Abernethy, one of the key figures in African studies at Stanford since he arrived in 1965, said he didn’t want to lose touch with undergraduates when he retired in 2002. He realized that his students, “the best of the best,” were in a quandary when they graduated.
“We stay away from vocational implications” at Stanford, he said. “But I was worried about the questions I was getting from my students: ‘What do I do?’ And I was clueless. All we can tell them is, ‘Go get a PhD and clone yourself.’ I had gotten them all excited about African studies, and then I let them down.”
Job descriptions rarely include things like developing innovative solutions for helping people. And they generally don’t have a salary attached.
So five years ago Abernethy launched a development careers discussion group.
“We start by marching uphill, talking about ideal jobs,” he said. “Then we march downhill, away from idealism. The jobs don’t exist. So they have two choices. Give up and go make money, or be an entrepreneur and create the job. ‘Job creation’ is the group’s mantra.
“There are four issues: you, the job, the money and the organization. ‘So let’s experiment,’ I say. Students’ eyes are wide open. They say, ‘You mean I can do this?’”
Indeed they can. Alumni and role models who have visited the group include representatives of such ventures as kiva.org (online microcredit), the Global Fund for Women and Volunteers in Asia, as well as venture capital funds, the World Bank and the State Department.
“They’re doing African studies,” Abernethy exclaimed.
Take, for example, Abernethy’s former student Chris Maloney, “a force of nature,” according to his proud professor. Maloney, ’02, an African studies and economics double major, picked up a Harvard MBA and a master’s degree from the Kennedy School, moved through the Treasury Department, did some government advising in Africa and then found himself in the back of a truck.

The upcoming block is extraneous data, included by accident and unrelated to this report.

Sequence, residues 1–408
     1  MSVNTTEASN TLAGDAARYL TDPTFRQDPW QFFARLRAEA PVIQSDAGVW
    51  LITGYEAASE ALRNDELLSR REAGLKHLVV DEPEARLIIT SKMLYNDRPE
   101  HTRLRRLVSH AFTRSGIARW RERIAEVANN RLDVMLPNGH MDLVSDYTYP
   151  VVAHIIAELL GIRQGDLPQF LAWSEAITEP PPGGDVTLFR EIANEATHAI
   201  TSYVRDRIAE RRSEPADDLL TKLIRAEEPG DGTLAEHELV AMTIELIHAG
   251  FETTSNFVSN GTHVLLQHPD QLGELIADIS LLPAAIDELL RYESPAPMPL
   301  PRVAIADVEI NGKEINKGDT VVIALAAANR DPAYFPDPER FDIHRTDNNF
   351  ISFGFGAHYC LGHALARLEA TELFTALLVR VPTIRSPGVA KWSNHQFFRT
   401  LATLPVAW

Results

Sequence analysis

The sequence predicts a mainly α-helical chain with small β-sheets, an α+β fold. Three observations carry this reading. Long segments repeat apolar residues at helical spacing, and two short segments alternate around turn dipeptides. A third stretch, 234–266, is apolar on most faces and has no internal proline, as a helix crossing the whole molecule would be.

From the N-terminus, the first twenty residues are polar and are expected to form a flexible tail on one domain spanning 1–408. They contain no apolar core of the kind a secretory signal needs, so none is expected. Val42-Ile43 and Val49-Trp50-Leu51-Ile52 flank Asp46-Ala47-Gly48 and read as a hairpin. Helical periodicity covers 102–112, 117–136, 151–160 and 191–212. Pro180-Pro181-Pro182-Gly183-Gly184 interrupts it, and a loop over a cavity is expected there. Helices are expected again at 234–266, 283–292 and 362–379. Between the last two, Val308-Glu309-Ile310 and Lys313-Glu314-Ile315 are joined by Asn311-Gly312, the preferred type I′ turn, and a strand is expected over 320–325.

The Rwandan government needed advice on how to solve transport and other infrastructural problems that were hampering overseas commerce. So Maloney, working for Genesis Analytics, a consulting firm in South Africa, hitched a ride on a container truck carrying coltan, a mineral from Central Africa used in the manufacture of electronics. For 1,700 kilometers, from Kigali through Uganda to Mombasa, Kenya, he took notes. The journey in July 2007 took five days, during which he kept close track of velocity, traffic flow, stoppages, bribes, accidents (often caused by right-hand trucks in left-hand countries), bumps, border crossings, rest breaks, weather and road repairs. Sixty percent of the time, the truck wasn’t moving.
“So instead of a huge computerized study, he knows exactly how it works and how to make it more efficient,” Abernethy said. “He reported from the back of a truck. Would the World Bank do this? I don’t think so!”